3

I am having a lot of trouble getting the RPi2 to recognize the sensor, even after configuring the I2C for the RPi and following the guide several times.

Running:

sudo i2cdetect -y 1 

outputs that nothing is connected.

I've tried connected the BMP180 to both 5V and 3.3V, and using multiple different grounds, but have not gotten anything to work; has this happened to anyone else before?

hive-node.py is the script running on the RPi, and only the BMP180 does not work: https://github.com/trevstanhope/hive-node

pi 2 pins

bmp180 pins

output of sudo i2cdetect -y 1 gpio-readall

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  • 1
    Have you followed this guide to setup i2c correctly ? learn.adafruit.com/adafruits-raspberry-pi-lesson-4-gpio-setup/… it's not enabled by default. Jun 16, 2015 at 20:05
  • 1
    Did you run raspi-config->Advanced->enable I2C, add the modules, remove the blacklisted items and added the lines in config.txt as per the tutorial?
    – Phil B.
    Jun 17, 2015 at 0:25
  • 1
    @PhilB. i2cdetect would fail with a /dev/i2c-1 error if the modules were not correctly loaded. @ Evan Could you check that the gpios 2 and 3 are actually in I2C mode (ALT0). Perhaps they have been set as inputs or outputs. If you have wiringPi installed you could use its gpio readall command. Alternatively with my pigpio library you could use pigs mg 2 and pigs mg 3.
    – joan
    Jun 17, 2015 at 7:49
  • 1
    @joan, GPIO.2 and GPIO.3 are both set as inputs. SDA.1 and SCL.1, the pins that the BMP180 use, are both in the ATL0 mode. Do you mean that I should be using GPIO.2 and GPIO.3 as ALT0?...I added a screen capture of the gpio-readall
    – Evan
    Jun 17, 2015 at 13:06
  • 1
    No, what you have is correct. GPIO.2 and GPIO.3 are arbitrary names used by wiringPi. The BCM column shows the gpio numbers and gpios 2 and 3 are shown as correctly set to ALT0. It is starting to seem likely that your sensor is faulty. Do you have another I2C device? I'd try powering sensor Vin from 5V and then sensor 3V3 from 3V3. If neither of those work I don't know what else to try.
    – joan
    Jun 17, 2015 at 13:17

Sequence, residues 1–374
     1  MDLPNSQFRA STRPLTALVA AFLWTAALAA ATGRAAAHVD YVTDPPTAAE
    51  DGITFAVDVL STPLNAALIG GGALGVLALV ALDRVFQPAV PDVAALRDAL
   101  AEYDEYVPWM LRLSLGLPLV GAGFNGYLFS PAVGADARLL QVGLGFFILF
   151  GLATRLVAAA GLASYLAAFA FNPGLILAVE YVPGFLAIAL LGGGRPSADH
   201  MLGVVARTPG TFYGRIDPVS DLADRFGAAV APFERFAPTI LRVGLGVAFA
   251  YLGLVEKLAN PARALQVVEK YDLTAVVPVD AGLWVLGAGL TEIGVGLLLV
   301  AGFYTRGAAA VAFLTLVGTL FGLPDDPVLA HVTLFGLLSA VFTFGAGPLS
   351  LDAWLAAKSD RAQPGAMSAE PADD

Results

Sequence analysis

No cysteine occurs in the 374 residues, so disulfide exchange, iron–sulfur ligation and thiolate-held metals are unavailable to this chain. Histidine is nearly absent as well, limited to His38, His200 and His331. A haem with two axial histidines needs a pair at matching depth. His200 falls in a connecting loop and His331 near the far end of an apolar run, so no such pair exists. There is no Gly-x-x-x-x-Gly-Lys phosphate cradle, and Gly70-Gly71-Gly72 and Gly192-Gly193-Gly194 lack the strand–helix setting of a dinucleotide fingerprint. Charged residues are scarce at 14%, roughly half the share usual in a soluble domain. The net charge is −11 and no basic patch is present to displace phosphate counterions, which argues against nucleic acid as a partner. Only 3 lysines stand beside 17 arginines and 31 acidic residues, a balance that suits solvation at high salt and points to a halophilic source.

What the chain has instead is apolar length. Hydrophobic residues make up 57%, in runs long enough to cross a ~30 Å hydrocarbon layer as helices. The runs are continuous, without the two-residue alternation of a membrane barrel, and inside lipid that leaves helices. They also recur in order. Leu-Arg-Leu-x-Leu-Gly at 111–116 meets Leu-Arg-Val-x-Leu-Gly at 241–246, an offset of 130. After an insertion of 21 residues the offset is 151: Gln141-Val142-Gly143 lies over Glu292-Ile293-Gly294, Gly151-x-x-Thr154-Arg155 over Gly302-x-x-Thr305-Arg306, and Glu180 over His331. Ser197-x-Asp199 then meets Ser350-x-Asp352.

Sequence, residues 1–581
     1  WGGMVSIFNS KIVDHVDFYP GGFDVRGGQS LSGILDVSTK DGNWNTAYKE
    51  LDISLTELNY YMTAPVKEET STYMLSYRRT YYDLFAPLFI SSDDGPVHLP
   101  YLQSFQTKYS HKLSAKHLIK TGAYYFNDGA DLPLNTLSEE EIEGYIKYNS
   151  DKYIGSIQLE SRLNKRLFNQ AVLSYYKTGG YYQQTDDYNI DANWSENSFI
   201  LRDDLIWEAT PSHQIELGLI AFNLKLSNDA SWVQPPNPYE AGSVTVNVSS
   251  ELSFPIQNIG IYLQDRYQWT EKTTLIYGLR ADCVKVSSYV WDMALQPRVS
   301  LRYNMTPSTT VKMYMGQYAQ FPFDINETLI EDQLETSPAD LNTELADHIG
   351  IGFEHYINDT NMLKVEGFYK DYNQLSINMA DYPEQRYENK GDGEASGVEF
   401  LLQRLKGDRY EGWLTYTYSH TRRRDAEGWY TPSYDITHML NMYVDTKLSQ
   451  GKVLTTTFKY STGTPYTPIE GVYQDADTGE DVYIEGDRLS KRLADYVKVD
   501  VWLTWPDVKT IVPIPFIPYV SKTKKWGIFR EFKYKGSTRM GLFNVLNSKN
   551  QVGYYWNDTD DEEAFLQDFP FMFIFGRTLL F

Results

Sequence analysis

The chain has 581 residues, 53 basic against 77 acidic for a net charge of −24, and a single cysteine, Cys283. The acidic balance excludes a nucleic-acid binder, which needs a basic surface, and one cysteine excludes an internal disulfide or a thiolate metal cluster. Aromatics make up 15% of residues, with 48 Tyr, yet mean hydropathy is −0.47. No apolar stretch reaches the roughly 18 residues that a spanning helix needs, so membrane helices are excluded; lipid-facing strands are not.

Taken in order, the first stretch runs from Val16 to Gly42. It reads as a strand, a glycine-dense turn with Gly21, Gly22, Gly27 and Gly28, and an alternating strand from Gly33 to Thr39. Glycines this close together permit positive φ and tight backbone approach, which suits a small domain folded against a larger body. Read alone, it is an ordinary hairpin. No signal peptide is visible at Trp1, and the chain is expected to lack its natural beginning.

2 Answers 2

1

In my experience with the BMP180 sensor module I have (not exactly like your adafruit? one), it can periodically refuse to respond to I2C, seemingly at random. There is a soft-reset command for this chip, but no way to issue it if it doesn't respond to I2C. The only option is power-cycling. Did you try power-cycling your BMP180 by pulling out the jumper on its Vin pin (leaving everything else connected and running)? If that helps, you may be able to connect the BMP180's Vin to another Pi DIO so you can power cycle the BMP180 in software. Not sure if the Raspberry PI's DIO current limit will be enough to power the BMP180 though. If not, you can use a PFET.

2
  • It depend on the current requirements - the Vin pin on the board is connected to the 3.3V RPi rail SO THAT THE BMP180 uses 3.3V logic levels for it's I2C connections. There is the alternative of using the 5V rail and spending a couple of pounds for an I2C 3V3 to 5V level shifter neede for the RPi connection to the bus, so you could use pFET control of that 5V power supply to the BMP180. In general running I2C at 5V is a little more reliable - or at least it allows for a higher frequency of operation or longer maximum bus lengths then at 3.3V ...
    – SlySven
    Jan 28, 2016 at 0:01
  • Its no problem to put a logic-level pFET between the RPi 3.3V and the I2C 3.3V. You just need to pick one with a 3V or less gate drive voltage, and a low Rds-on (since it's powering the sensors). These are not exotic these days and < $1 in singles. The gate can be driven directly by a DIO pin without additional components: pFET-S to RPi 3V3, pFET-D to I2C 3V3, pFET-G to a free RPi DIO. Set the pFET-G LOW to turn on I2C 3V3.
    – iggie
    Feb 26, 2016 at 21:35
0

The way I remember, GND is on pin 6, not 9. 9 is DNC. Connect GND to pin 6 and recheck

2
  • Pin 6 & 9 (physical) are both ground; this is confirmed in the gpio readall output. The black wire in the photo is connected correctly, as are the others.
    – goldilocks
    Jun 18, 2015 at 16:03
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    On early Pi schematics some pins were marked as DNC in case they had to be changed to a different type of pin. No DNCs were actually changed in purpose and there are no longer any pins marked as DNC.
    – joan
    Jun 20, 2015 at 15:52

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